REVIEWS: The Knights Companions: Ganesh, Biswas & Stone
Novels by Vidia Naipaul
“Then, unexpectedly, Ramlogan began to cry. He cried in a painful, belly-shaking way, pumping the tears out. ‘You don’t even want me to touch your fence now’. He wiped his eyes with the back of his big hairy hand. ‘But you don’t have to be insultive about it. All right, you ain’t want me. Nobody ain’t want me. The candidate ain’t want me. The three of-all-you remain up there complotting against me, and you ain’t want me to put my hand on your fence now. I don’t control no votes, so nobody ain’t want me. Just because I don’t control no votes’. He stopped for breath, and added with spirit: ‘Chittaranjan, the next time one of your wife chickens come in my yard, don’t bother to look for it. Because that night I eating good’. He became maudlin again: ‘I don’t control no votes. Nobody don’t want me. But everybody chicken think they could just walk in my yard, as if my yard is a republic’.”
In a passage like this, V. S. Naipaul accurately captures the essence of a quarrel; yet a quick analysis of this passage pointedly and humourously reveals many central motifs of The Suffrage of Elvira. When democracy comes to Elvira, the basic corruptibility and the grasping materialism of the villagers return the bribe-giving Mr. Harbans to the Legislative Council. Yet, this is not our preoccupation here. It is the mock caricature so evident in Ramlogan’s behaviour. Ramlogan, in his caricature of anguish, reiterates: “Nobody ain’t want me”, twice. To be sure, he is not a lonely man, even though living alone. He has the community around him, which during the election is one in its materialistic attitude to Democracy. There is, however, community. Here there is no need for the formation of the organisation of The Knights Companion. For this organisation, which appears in Naipaul’s last novel, is rooted in a society already hardened by age, ossified by boredom and virtually non-vital in its organic processes. Indeed, this order – The Knights Companion – can and does become an “insulation against the world out of which it arose.”
Mr. Biswas, in A House for Mr. Biswas, can find no such insulation from the dynamic, multi-layered, predatory society which seems to have trapped him. Yet he too is in need of the Knights Companion; he too, is alone, strtving “to arrest his descent into the void”. For brief moments, his young daughter, Savi, and his son, Anand, become his Knights Companion. The many characters who move through Miguel Street have found their own companionship. They embody one of the prerequisites of the organisation – “youth and comradeship and the protection of the male”. Ganesh in The Mystic Massur is often alone; at first, misunderstood, before he acquires his mystic powers, he “began to feel a little strange and feared he was going mad. He felt himself cut off from the people in Fourways”.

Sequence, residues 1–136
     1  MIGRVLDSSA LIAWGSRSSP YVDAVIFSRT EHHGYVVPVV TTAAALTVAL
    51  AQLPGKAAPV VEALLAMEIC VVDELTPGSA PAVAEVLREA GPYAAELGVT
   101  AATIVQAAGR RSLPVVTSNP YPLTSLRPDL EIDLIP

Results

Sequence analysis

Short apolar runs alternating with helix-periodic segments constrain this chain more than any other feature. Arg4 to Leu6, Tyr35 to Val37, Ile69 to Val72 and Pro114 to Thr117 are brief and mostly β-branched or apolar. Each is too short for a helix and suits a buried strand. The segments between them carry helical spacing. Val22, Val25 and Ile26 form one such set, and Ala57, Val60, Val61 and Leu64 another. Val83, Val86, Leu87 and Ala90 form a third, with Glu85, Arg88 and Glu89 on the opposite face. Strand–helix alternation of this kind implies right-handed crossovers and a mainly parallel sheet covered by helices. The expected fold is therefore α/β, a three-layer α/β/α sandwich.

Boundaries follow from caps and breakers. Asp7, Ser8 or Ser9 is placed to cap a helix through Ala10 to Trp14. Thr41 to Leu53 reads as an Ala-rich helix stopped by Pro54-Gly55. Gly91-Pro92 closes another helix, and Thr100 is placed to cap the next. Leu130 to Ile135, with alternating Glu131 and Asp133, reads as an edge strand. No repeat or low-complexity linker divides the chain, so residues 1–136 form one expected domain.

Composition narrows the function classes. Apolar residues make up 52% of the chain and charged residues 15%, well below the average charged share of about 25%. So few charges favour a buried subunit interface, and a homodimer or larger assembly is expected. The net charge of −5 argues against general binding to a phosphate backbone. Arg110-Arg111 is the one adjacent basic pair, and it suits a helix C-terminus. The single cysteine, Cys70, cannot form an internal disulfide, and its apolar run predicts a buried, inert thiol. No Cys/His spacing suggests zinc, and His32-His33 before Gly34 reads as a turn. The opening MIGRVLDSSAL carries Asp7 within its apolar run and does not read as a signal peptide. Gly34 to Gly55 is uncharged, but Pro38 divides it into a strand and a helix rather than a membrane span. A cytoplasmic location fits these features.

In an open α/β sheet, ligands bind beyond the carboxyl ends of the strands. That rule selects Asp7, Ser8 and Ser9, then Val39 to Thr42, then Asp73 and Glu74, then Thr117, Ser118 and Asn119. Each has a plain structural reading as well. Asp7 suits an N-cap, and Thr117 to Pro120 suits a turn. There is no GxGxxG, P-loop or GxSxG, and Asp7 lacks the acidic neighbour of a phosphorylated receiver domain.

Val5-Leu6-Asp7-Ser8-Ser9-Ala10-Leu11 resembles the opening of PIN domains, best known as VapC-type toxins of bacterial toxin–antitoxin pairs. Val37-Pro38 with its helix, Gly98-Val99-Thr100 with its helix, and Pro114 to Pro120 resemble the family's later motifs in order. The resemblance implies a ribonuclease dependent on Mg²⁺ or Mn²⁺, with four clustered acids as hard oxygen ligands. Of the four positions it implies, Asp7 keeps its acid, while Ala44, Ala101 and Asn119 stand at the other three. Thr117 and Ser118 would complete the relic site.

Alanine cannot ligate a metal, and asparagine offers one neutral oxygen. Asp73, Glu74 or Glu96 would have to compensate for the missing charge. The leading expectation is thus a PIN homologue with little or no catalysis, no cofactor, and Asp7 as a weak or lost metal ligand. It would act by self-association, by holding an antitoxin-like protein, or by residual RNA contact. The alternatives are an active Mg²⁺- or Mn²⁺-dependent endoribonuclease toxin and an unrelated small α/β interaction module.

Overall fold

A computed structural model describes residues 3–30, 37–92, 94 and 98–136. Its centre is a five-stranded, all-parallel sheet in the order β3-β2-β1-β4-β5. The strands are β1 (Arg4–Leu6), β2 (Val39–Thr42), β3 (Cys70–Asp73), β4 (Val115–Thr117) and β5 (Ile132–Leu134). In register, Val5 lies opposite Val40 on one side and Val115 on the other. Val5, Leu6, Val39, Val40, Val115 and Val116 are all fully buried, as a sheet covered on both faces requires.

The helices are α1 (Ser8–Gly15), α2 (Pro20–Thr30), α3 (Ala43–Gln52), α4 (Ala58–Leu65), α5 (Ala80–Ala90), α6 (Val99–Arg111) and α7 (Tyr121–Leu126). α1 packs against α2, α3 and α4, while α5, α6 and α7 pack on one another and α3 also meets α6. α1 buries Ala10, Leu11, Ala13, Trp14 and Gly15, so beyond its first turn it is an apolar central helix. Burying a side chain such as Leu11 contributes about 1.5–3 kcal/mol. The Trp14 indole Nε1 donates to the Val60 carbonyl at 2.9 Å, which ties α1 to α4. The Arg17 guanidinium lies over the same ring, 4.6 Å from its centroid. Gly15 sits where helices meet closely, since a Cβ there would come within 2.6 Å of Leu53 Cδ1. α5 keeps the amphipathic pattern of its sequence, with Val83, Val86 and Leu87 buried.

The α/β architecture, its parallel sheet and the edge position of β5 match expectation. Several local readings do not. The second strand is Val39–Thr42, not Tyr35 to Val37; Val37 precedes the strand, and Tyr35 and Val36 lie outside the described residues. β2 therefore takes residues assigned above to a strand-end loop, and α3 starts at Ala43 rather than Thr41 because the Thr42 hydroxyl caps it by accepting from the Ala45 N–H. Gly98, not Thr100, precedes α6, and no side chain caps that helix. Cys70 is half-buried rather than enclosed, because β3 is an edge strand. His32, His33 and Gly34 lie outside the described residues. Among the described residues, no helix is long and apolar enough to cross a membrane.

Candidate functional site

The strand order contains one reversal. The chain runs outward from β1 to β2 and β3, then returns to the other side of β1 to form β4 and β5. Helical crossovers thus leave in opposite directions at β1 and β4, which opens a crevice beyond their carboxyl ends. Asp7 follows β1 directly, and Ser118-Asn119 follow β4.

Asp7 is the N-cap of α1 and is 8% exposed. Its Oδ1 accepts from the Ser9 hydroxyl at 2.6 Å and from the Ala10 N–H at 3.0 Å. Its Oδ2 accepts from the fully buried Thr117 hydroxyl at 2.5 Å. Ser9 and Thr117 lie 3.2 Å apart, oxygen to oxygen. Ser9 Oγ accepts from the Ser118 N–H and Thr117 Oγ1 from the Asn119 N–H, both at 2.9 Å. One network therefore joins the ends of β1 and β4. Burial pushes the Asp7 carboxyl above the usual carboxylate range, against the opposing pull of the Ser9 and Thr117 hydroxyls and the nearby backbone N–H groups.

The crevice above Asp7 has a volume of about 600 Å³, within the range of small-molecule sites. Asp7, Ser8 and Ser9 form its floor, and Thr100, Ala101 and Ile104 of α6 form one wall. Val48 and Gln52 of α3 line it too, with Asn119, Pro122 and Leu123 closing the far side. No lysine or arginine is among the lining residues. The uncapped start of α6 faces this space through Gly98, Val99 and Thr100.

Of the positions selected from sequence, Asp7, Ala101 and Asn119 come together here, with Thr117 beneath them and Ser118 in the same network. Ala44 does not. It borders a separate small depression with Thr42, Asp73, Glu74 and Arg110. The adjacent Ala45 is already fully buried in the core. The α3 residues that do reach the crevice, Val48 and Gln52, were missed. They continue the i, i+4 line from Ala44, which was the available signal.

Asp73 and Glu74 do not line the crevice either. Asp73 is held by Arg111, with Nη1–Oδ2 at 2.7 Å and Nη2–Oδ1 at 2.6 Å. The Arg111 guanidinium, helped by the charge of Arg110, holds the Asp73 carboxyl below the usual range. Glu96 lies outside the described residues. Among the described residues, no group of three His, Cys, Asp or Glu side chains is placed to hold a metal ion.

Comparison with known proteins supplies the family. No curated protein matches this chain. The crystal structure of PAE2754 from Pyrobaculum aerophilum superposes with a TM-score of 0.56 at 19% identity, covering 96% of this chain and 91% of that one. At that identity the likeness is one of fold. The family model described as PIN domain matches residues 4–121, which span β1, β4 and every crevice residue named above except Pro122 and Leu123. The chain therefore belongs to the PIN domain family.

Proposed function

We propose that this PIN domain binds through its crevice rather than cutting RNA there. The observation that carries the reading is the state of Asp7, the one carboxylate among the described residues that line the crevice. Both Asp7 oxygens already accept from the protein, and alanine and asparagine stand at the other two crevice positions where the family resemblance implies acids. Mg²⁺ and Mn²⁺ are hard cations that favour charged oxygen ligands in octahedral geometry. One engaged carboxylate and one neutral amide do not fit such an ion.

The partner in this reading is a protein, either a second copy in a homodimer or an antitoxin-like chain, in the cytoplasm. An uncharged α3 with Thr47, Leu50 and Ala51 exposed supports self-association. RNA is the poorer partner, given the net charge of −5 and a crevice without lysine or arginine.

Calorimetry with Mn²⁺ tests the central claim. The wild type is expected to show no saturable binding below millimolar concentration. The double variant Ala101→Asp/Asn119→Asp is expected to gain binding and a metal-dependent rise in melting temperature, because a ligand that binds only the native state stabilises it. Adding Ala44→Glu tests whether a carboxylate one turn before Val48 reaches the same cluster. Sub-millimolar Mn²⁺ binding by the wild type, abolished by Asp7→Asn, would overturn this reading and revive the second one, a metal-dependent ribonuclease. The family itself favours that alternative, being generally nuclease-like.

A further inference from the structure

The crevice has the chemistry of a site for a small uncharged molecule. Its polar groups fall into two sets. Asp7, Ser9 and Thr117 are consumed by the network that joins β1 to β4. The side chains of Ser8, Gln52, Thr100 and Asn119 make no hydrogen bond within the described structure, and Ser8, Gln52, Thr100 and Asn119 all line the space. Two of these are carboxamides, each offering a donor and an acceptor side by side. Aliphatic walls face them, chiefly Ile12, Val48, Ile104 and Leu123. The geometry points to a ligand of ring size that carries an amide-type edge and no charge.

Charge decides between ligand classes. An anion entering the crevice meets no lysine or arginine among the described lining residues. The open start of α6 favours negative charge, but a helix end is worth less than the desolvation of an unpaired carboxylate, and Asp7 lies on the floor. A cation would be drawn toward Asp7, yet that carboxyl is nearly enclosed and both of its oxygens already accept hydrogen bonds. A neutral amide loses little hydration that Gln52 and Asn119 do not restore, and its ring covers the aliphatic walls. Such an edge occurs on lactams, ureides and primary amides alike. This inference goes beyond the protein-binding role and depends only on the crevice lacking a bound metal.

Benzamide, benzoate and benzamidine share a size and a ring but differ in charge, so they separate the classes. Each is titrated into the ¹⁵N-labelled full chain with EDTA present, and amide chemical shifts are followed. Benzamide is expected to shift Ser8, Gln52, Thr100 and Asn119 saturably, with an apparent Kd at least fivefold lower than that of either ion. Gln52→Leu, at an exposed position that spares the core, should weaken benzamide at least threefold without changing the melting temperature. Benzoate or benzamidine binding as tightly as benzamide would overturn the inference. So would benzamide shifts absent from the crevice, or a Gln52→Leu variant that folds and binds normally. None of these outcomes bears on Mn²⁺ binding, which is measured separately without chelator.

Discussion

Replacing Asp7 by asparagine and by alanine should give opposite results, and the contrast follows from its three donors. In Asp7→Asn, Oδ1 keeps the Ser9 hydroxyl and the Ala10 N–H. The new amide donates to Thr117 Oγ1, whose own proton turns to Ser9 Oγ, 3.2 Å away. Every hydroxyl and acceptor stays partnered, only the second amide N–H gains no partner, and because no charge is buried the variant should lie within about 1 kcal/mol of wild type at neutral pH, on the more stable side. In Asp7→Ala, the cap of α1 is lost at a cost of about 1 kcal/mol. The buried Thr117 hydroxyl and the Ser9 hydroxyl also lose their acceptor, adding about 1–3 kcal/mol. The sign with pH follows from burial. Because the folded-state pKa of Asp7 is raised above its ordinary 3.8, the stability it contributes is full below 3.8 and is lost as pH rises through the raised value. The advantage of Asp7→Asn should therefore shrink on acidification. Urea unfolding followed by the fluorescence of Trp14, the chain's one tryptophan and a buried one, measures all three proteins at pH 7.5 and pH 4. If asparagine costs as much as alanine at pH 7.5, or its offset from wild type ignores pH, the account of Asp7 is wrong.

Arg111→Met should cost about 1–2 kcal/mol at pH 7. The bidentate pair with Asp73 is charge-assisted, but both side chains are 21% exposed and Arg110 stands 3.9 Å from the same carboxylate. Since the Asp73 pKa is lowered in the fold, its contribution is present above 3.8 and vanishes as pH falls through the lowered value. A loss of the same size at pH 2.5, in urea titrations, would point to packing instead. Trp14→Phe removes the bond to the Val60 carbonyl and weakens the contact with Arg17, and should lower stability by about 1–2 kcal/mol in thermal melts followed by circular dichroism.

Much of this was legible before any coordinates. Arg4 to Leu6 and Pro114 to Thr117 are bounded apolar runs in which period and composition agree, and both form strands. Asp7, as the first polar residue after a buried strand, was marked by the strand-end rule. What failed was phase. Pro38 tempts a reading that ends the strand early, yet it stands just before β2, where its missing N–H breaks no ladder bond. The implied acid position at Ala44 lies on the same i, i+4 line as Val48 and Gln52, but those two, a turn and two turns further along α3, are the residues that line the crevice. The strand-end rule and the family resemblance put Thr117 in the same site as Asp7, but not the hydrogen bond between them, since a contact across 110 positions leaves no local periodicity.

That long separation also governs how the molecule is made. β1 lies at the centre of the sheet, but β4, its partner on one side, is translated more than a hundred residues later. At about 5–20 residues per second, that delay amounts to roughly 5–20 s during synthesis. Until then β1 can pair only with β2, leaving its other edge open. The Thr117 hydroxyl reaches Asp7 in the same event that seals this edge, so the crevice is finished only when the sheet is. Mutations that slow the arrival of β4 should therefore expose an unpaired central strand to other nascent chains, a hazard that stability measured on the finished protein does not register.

For indeed, man is a solitary creature and the trajectory of. bis existence is the individual’s power to sustain himself and to persevere. Mr. Biswas perseveres, always looking forward. The present is non-existent – he “waits for the world to yield sweetness”. – For both Stone and Biswas the present is flavourless, but for Biswas, it is active; while for Stone, the present ls reminiscing for the past, the even, stilted, unruffled boredom of the past. “Life was some¬thing to be moved through. Experiences were not to be enjoyed at the actual moment, pleasure in them came only when they had been, as it were, docketed and put away in the file in the past, when they had become part of his ‘life’, his ‘experience’, his career. It was only then that they acquired colour.” And, indeed, colour and/or the colourless is the measure of the difference between the lives and activities of Ganesh of The Mystic Masseur and Mr. Biswas, of A House for Mr. Biswas on the one hand, and Stone of Mr. Stone and the Knights Companion on the other.